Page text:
1. Know Your Budget

Building a website begins, and ends, with the least fun step: budgeting. Web hosting, premium features, and additional bandwidth can come sometimes at a premium, so knowing what you are willing to spend to make your website great is the first step. Consider what you can reasonably spend on a website, what you need, and, just as importantly, what you do not need. Building a great website is not about the biggest and best, but what is most appropriate for your company.

As obvious as it may sound, it bares articulating that larger websites with more ambitious goals require a much greater budget. Facebook, for example, spends more than the annual revenue of most companies on server capacity to keep its service running at full speed. More modest sites, however, may only need a $10/month subscription fee for storage of product images and the necessary dues for server load from incoming viewers.

2. Make Your Wish List

One could argue that this is the first step in the process. When building your website, it’s important to determine what you want to include on your website, and how you want it to function. Are you a small business? Perhaps contact information and inquiry forms are enough. Selling a wide selection of products on your site? An organized tree of product pages, up-to-date pictures, and pricing information will be your priority.

Know your market and tailor your wish list to their needs. Your website should do no more, nor any less than what the customer needs to quickly and painlessly find the information they seek and complete the transaction with your business. Avoid popular traps like social media feeds and cluttered backgrounds. Features like this may seem cool in the lab, but deploying them in the real world for online visitors with short attention spans and a penchant for distraction can prove detrimental.


3. Design Your Website

This step may only occupy one slot on this list, but the process is important enough to merit three. Good web design is essential to a painless user experience and there exists copious information to guide you in your efforts. Hack Design, for example, possesses expert-curated articles about design on all sorts of topics that can help make the experience a little less daunting. Another method is to take note of attractive websites and mirror their good practices.

Based on your response to step 1, professional web design may be worth the money. The fact is that good design has demonstrable potential in improving your bottom line. Good design practices affect not only the shopping experience, but also the mood of visitors. Since the steep price premium of good design is not accessible to all businesses, consider your priorities and your budget and evaluate whether or not professional web design is a viable and useful option for you.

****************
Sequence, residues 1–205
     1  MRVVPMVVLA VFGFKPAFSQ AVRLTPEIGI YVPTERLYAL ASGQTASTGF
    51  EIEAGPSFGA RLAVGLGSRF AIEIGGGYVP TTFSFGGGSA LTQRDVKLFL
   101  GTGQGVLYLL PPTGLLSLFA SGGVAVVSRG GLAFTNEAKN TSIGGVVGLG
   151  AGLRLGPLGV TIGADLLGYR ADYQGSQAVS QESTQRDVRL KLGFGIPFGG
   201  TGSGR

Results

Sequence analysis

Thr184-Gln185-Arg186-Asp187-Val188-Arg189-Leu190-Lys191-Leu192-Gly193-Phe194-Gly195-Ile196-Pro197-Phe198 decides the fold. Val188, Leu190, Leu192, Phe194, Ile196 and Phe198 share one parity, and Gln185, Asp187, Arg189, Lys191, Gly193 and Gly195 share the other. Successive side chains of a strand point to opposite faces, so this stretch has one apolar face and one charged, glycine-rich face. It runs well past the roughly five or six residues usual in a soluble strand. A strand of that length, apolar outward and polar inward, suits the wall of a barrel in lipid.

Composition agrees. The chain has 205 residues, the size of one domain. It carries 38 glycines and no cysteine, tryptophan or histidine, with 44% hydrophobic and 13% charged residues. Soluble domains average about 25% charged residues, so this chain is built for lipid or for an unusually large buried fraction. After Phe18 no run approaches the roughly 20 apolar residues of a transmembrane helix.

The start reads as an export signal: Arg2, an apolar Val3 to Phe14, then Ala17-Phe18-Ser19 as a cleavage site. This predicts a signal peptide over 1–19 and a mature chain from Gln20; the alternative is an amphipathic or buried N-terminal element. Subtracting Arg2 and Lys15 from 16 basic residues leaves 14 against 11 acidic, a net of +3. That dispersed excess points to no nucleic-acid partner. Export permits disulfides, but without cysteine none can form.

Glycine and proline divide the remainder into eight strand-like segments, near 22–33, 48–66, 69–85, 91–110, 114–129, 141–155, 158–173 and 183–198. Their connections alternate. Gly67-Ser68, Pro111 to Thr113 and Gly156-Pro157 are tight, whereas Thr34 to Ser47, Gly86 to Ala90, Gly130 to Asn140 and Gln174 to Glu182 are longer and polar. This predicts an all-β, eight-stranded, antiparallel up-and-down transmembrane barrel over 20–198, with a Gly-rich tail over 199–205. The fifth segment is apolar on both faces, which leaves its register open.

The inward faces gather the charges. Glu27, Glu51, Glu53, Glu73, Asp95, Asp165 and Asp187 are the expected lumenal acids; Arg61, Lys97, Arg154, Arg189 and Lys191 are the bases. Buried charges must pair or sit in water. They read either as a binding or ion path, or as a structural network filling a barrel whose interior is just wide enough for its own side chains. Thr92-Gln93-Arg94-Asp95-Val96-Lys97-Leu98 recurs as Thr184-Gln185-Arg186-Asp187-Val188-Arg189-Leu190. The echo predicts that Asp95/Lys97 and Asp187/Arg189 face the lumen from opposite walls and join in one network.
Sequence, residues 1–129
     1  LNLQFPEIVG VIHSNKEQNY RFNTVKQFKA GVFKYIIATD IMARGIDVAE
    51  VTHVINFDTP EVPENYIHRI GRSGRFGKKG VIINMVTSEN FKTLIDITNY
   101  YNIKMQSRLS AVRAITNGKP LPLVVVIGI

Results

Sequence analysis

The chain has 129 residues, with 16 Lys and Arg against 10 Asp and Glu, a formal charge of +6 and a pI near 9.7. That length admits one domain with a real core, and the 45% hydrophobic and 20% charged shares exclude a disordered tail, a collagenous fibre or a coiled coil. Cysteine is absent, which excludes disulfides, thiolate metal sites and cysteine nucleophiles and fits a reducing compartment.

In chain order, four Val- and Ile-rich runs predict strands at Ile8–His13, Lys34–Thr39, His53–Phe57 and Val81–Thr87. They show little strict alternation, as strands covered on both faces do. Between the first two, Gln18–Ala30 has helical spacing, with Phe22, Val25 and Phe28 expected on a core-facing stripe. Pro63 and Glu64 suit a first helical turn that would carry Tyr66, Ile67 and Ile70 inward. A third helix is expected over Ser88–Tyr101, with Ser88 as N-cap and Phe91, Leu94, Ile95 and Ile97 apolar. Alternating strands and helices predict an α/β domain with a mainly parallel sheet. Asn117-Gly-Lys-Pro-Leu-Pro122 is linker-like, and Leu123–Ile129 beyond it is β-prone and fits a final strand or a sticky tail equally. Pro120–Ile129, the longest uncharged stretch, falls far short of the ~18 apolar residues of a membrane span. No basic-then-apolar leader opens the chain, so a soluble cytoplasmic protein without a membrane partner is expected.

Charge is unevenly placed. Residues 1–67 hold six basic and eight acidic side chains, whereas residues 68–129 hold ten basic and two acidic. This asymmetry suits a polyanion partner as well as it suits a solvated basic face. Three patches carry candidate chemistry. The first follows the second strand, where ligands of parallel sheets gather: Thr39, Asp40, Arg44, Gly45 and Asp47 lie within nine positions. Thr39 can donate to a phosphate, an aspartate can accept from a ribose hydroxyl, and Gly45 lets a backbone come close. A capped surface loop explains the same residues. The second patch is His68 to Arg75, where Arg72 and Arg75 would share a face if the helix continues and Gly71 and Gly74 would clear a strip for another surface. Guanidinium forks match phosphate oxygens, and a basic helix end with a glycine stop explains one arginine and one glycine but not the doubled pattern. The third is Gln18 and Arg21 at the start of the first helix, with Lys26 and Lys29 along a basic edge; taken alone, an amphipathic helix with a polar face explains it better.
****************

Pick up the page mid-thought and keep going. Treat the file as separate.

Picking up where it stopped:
Do not step away from the web design canvas without considering how your website appears in search engine indexes. Search Engine Optimization (SEO) is a realm of study with volumes of research to its name but knowing a few basics can make a big difference. Focus on keywords that best describe your business and brand and consider gleaning further insight once the site goes live from services like Google Analytics.


4. Choose a Great Domain Name

As our knowledge of how the characteristics of web pages affect consumers changes, so too do our practices. It once was thought that a domain name was simply a sign; that “Bob’s Towing” would suffice. However, it is now understood that a web domain performs multiple tasks when viewed by online visitors, including setting expectations, improving accessibility, and building a brand.

It is important to keep in mind that most good domain names are, for better-or-worse, owned. As a result, domain name companies are making a mint from charging a premium for good domain names. Despite this, purchasing a well-crafted and impactful domain name is worth the money. Your domain is your storefront on search engines and, just like a physical storefront, a fresh coat of paint will pay for itself many times over.


5. Keep it Updated

Once the site of your dreams is set up, plan on performing routine maintenance to keep it “the site of your dreams”. Consider any time you’ve shopped at a site with outdated information, pricing, or item descriptions. Were you happy? What did this do for your trust in the organization? Did you complete your transaction and, if you did, did you come back to the cobweb riddled vendor?

Consumer trust is greatly influenced by the integrity of your new digital storefront. Run a regular spot-check and update/delete old information. Check pricing and keep it updated, removing old products that are no longer offered. Keep contact information current to avoid any lost emails or missed connections, and occasionally update your website. Brand image must be reflected by your website and no one wants to shop at an establishment where the storekeeper has left the shelves un-dusted.

Congratulations! You’ve officially built your dream website, minus the work to get there. Creating your digital hub is all about evaluating your needs and designing its functionality around those needs. Be prepared to invest both time and money in the project and when it’s finished, step back and bask in the satisfaction of a job well done.